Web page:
Futile climate obsessions over 0.01% of the Earth’s atmosphere have clouded the political world so badly that thinking straight seems to have gone out of the window. Bad news for voters, left with no-one sensible to turn to.
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Boris Johnson has always tried to take a ‘cakeist’ position on Net Zero, says the Telegraph (via The GWPF).
We can drastically cut carbon emissions while boosting living standards, he claims.
But the truth is, the sacrifices being demanded of us in the name of Net Zero are incompatible with democracy, and the PM knows it.
Just look at the anguish the gas boiler ban is causing to the government. Johnson has now conceded that the ban will have to be pushed back from 2030 to 2035. It will have to be some other prime minister’s problem.
The boiler ban was a key plank of the government’s Net Zero strategy. Gas boilers were to be replaced with heat pumps. These heat pumps are not what anyone could call a reasonable alternative to boilers.
While a boiler can heat your house fairly quickly at the flick of a switch, a heat pump can take around 24 hours to heat your home to between 17 to 19 degrees Celsius – i.e., not-quite room temperature.
For the pleasure of living in your not-quite warm house, you will have to fork out around £10,000 for the unit and installation. Then, according to the Climate Change Committee (CCC), you can expect to spend an additional £100 per year on your energy bills.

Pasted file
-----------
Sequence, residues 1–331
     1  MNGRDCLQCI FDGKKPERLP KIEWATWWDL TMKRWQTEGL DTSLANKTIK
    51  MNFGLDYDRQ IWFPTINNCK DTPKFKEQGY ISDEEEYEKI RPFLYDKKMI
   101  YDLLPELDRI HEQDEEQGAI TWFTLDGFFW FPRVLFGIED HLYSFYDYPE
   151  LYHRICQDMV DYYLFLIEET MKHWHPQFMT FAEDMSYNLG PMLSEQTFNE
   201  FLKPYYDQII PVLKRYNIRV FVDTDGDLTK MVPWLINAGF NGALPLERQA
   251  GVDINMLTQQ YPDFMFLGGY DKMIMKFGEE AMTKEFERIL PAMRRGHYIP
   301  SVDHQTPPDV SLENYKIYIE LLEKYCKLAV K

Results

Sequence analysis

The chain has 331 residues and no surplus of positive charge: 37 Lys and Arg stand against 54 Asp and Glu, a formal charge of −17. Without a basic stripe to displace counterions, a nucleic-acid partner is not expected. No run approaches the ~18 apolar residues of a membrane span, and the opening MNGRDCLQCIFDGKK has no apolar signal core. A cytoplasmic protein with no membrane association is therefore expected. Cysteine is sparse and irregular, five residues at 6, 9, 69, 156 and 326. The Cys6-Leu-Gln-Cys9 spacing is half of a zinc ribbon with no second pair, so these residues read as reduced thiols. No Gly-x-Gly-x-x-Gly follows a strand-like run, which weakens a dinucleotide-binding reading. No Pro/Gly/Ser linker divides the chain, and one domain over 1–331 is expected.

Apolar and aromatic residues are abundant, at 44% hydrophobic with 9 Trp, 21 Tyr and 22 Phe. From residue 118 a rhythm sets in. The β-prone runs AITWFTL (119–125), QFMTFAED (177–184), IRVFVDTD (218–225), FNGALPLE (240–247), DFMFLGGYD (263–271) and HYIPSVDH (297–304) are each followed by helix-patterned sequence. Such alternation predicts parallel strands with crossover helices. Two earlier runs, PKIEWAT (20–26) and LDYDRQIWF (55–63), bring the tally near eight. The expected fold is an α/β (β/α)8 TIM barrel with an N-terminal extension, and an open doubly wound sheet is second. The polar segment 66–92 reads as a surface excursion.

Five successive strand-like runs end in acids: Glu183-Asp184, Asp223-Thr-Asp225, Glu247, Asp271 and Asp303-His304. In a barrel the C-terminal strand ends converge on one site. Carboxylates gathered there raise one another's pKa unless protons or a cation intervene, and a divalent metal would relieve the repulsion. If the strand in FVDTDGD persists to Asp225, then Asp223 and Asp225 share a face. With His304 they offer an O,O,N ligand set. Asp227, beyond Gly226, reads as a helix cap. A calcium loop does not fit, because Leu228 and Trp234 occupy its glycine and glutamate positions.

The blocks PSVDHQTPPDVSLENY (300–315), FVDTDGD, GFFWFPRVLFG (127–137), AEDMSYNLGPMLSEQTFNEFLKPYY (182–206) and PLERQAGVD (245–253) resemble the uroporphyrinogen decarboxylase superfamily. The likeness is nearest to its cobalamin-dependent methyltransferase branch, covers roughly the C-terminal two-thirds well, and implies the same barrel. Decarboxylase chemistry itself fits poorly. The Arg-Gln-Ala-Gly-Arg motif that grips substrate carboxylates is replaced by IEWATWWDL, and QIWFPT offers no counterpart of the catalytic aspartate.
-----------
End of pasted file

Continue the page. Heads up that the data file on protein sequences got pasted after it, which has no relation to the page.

If you want to own a heat pump and have a house that’s more than lukewarm, you’ll need lots of extra insulation. This means yet more tens of thousands of pounds in renovation costs.
The Energy Technologies Institute estimates that a ‘deep retrofit’ could cost as much as building a home from scratch. This is not money that any ordinary person has down the back of the sofa – or that the taxpayer can reasonably cover for millions of households.
Getting used to this reduced lifestyle ‘will take an attitudinal shift’, says Chris Stark, CEO of the CCC. This is quite the understatement. It means abandoning what was once a completely normal expectation in a developed country: having a warm home in winter.
In our Net Zero future, we can also forget having a stable and affordable supply of electricity.
Full article here.
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More from The GWPF on ‘net zero’ here.
via Tallbloke’s Talkshop
July 27, 2021